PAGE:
When you got the case, what did you ask for first?

First thing we asked for was copies of the police dash-cam videos. The police said that they never turned on their emergency flashers so there was no dash-cam video. That didn’t sound right to me. If you’re driving down the street at 11:30 at night in south Minneapolis on the wrong side of the road, and you get out of your squad and you don’t turn on your emergency lights, which would activate your dash-cam video and audio? That seemed odd to me.

Talk about the experts that you used.

We retained a ballistics and forensics expert in Texas, a guy named Richard Ernest, and asked him, based on the officers’ stories and based on the forensics do a shooting reconstruction because there were no eye witnesses and no one to contest the officers’ testimony. Because of that, unless the science showed that the officers’ version of what happened, could not have happened, the case wasn’t going to go anywhere. The deeper we got into it, the more it became apparent that what the officers’ were saying couldn’t have happened from a forensic standpoint.

We also had an excessive force expert, a former FBI agent from Georgia. He testified that, based on the science, it could not have happened as they said and therefore it was excessive and was not a justified homicide.

What did the experts find?

The officer said that when he was firing the gun, Mr. Felder was holding onto the barrel of the gun with both hands. What the expert found was that if a gentleman has both hands wrapped around the barrel of a gun and the gun is fired, you should have gunshot residue on his sleeves, on his hands or on his clothes. There was none. When the gunshot is so close, and the officer testified that it was within inches, then there should have been stippling, gunshot residue, soot, and maybe even powder burns on his clothing. There was none.

The expert found and testified that, based on the distance testing and trajectory of the bullets, more likely than not, Mr. Felder was laying on his back on the ground and the officers were standing over him.

How did you find your experts?


How did the jury find?

The jury awarded $1.8 million, a little over $1 million in compensatory damages and $800,000 in punitive damages and Judge Doty awarded close to $400,000 in attorneys’ fees. The City was on the verge of filing an appeal but then I think one of the attorneys for the City may have advised that the likelihood of getting everything reversed was remote.  They decided that they were going to pay the judgment and the costs. So actually the case was settled. When we settled, part of the consideration was that we would dismiss our companion civil rights action in State court.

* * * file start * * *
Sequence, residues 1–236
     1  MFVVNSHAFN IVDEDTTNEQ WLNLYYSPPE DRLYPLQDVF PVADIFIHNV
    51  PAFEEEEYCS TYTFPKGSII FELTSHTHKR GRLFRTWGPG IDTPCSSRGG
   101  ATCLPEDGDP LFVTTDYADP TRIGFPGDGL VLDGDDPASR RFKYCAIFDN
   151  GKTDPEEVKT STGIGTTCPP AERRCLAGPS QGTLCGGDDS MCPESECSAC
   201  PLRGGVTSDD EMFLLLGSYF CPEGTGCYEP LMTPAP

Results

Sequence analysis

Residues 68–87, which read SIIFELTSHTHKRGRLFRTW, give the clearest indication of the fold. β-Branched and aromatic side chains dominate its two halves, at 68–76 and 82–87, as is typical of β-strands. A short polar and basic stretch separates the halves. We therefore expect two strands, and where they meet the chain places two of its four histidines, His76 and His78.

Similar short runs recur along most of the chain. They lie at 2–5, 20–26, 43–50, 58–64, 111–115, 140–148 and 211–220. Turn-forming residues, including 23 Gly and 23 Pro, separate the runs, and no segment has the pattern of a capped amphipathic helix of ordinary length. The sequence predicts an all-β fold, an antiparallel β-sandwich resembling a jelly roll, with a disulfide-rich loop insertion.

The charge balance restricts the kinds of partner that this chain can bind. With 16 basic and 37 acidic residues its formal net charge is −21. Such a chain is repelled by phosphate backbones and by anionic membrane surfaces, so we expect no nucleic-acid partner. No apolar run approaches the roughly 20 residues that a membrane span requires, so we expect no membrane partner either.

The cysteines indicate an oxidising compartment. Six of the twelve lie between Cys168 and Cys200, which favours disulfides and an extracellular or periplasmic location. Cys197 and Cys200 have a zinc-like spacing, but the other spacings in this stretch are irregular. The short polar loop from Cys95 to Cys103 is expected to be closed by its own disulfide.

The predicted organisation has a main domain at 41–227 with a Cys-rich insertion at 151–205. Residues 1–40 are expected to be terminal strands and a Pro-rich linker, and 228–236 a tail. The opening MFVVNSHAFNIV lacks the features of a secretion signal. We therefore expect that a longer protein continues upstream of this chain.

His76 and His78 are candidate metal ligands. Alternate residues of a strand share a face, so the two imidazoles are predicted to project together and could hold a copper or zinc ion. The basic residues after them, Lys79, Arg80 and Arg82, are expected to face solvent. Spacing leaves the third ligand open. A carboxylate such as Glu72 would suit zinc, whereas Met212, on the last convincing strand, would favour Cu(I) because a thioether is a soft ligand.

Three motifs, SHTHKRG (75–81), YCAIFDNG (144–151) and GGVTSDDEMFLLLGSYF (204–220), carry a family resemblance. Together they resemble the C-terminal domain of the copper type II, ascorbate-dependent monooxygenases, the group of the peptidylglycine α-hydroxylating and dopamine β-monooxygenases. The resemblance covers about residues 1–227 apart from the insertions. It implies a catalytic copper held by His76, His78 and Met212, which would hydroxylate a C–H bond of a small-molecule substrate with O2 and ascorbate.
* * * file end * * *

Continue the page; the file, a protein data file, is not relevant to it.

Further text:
How did you get the case?

Katie Felder (Dominic’s mother and the plaintiff in the case) actually found me.

Do you know how she got your name?

Actually, I do. She looked me up in the Yellow Pages. She had a good feeling about me.

Do you have any advice to younger lawyers?

As a general principle, I think a young lawyer really needs to know who they are, in terms of what is their passion. What’s going to help them get up every morning and go to their job. No matter if you work in a large firm, for the government, for a boutique firm, for a small firm, or as a sole practitioner, the one thing they all have in common is that you’ll have to work very hard. You’ll have to expend a lot of time doing work. If you know what your passion is and it doesn’t seem like “work” then it’s a lot easier.

My advice is get your first job, try to find someone in that law firm that can mentor you, learn as much as you can and don’t be afraid to move. Don’t be afraid to make a lateral. Don’t feel that once you get that first job and you’re stuck there. People can make moves and people should move until they find that spot where they feel they are contributing, they are having a positive effect for their clients and they’re having fun.

What has been that difference for you?

I really love what I’m doing. I wouldn’t change what I’m doing for the world. The nature of the work, the substantive area and the clients are great. I’ve represented people on the plaintiff’s side and on the criminal defense side, where, at the end of the case, they looked me in the eye and shook my hand or hugged me and said, “Thank you.” You can see how sincere that is and that means a lot to me.